The AM peak eastbound service ran slightly slower in 2019 roughly from Keele to Dufferin, but ran much more slowly on Yonge Street enroute to Finch Station where there is supposedly “transit priority” by way of an HOV lane.
By midday, there is less divergence between 2019 and 2020 speeds with the most affected area being east of Keele Street
For the PM peak hour of 5 to 6, similar patterns are visible with congestion on either side of Keele Street and along Yonge Street in 2019 compared to 2020. Congestion occurs in both directions although it is worse eastbound than westbound.
Full Chart Sets
The files linked here contain the full sets of charts for travel times and speeds for those interested in the details.
Pioneer Village Station to Kipling
For the section of 60 Steeles west of Pioneer Village Station, the difference in travel times varies by time and direction between November 2019 and June 2020 data, but as with the eastern section, there is little difference evenings and weekends.
Only half of the locals and none of the express trips operate west of Pioneer Village Station, and so buses are far less common on this part of Steeles.
In the AM peak hour from 8 to 9, there are only a few locations where westbound speeds are better in the June 2020 data compared to November 2011, but eastbound is different story. Between Kipling and Jane, travel speeds in the 2019 data are consistently below those for June 2020.
Midday the situation is not as bad as during the peak with westbound congestion mainly between Jane and Highway 400. Eastbound, what congestion there is lies further west on the route.
In the PM peak hour from 5 to 6, the differences in travel time stretch over much of this portion of the route, although westbound travel is more affected than eastbound west of the Humber River.
There are currently plans for redevelopment projects for strip malls at 72 Steeles West, 100 Steeles West, 180 Steeles West (these three are basically opposite Centerpoint Mall) and Steeles/Dufferin as well as new high rise buildings at 755 and 765 Steeles West (one block east of Bathurst). If all these get built then there would be a lot more traffic as well as a lot more potential passengers on Steeles between Dufferin and Yonge.
Steve: This is the kind of thing happening on several corridors that have a hard time now (at least in pre-covid traffic conditions) with auto congestion and transit demand. The city is happy to see all of the development, but does little to accommodate it or provide more attractive transit service. All the people on Steeles will see is a new subway to Richmond Hill, maybe.
As a frequent user of Steeles of the west of Pioneer Village, there is a major pinch point westbound at Jane where Steeles changes from three to two lanes. Quite often westbound traffic is backed up and many buses are caught up in the jam. I’ve often wonder if there should be a bus only lane from at least Keele to Jane. A bus only lane on that stretch won’t do much for the 108, 35/935 as they would have still have to join the jam with the left turns, however it could be beneficial for the other TTC routes on that stretch 35B/60/84D and the non TTC routes, YRT 20 and 165, and Brampton Zum 501.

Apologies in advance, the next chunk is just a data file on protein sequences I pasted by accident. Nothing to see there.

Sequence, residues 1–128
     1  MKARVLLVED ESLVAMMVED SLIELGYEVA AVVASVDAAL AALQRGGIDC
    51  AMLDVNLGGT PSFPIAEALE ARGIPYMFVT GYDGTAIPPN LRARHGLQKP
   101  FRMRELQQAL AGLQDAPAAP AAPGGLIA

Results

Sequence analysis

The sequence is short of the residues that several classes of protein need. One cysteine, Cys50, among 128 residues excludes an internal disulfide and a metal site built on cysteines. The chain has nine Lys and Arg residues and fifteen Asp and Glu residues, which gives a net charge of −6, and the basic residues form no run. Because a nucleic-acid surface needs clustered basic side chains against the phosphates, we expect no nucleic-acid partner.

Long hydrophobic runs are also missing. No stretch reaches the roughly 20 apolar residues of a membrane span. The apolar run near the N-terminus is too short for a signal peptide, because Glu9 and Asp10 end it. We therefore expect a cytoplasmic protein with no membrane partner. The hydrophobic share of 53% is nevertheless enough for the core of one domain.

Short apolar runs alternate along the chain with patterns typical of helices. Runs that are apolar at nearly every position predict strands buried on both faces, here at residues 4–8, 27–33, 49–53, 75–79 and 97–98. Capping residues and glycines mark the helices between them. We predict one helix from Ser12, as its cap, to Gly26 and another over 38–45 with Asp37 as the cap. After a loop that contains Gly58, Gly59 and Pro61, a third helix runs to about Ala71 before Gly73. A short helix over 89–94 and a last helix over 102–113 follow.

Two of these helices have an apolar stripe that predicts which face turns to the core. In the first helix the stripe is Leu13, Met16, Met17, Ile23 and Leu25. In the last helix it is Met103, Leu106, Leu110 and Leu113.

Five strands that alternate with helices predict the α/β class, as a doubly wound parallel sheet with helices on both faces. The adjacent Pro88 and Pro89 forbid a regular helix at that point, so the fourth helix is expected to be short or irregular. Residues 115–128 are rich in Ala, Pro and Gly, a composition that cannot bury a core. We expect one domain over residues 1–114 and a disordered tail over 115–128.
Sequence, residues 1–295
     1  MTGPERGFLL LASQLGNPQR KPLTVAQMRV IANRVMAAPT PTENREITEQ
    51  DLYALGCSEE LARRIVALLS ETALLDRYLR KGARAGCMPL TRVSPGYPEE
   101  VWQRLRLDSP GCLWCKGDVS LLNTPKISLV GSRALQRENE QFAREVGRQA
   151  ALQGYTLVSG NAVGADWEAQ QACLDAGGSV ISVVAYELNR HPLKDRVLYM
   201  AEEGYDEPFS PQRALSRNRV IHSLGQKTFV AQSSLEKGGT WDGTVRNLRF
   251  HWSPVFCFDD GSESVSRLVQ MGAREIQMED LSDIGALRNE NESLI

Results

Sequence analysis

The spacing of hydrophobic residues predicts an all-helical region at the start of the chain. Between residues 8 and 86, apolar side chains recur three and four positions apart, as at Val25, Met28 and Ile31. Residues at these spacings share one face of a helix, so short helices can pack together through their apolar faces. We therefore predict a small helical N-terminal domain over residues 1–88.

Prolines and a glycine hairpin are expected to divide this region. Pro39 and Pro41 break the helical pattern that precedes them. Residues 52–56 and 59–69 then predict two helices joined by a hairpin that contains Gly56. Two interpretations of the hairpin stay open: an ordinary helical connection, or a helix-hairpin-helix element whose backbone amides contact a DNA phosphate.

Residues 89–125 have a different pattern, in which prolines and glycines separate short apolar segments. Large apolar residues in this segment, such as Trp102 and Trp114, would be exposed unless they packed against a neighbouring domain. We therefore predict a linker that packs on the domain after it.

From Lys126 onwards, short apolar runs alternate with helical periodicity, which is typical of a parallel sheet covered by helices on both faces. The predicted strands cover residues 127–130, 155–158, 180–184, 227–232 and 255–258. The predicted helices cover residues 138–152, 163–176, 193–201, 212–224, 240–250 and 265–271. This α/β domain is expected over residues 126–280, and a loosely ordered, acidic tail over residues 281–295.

Yonge from Steeles to Cummer is not sped up by the diamond lane in part because there are too many buses to fit on it. I wouldn’t be surprised if bus frequency there is higher than the 99 in Van or former downtown BRT in Ottawa.
The volume is such that I’ve long supported the Yonge LRT meet the subway extension at Steeles rather than Finch. Not that that’s relevant any more.
Steve: Yes, there are limits to what can be done with a bus lane even if we could keep cars out of it. I am not sure this is fully appreciated in some circles.
You mentioned split jurisdiction over Steeles Avenue. Has this changed recently? In my experience, Steeles itself was always fully within the jurisdiction of Toronto, while anything north of the north property line (including north legs of intersections) was York Region or the local municipality. As far as I know, Toronto never had to get the approval of York to change anything on Steeles, unless it physically affected their connecting roads or access to properties on the north side. Consultation, definitely, but formal approval from York shouldn’t be required to change the lane configuration on Steeles.
Steve: Thanks for this. I remember a time when there was split jurisdiction but this may have changed. There will certainly be effects on driveway access to properties on the north side of Steeles, and so this will be an issue for York Region.
Why would there be access issues to driveways? These lanes wouldn’t like VIVA lanes in the middle of the road but curbside lanes, so access to driveways shouldn’t be impacted. For example there are houses on Dufferin south of Finch that have driveways leading onto the curbside bus-only lane.
Steve: That depends on the implementation. Just paint, no, but by the time they get to Steeles, who knows what options they will be considering.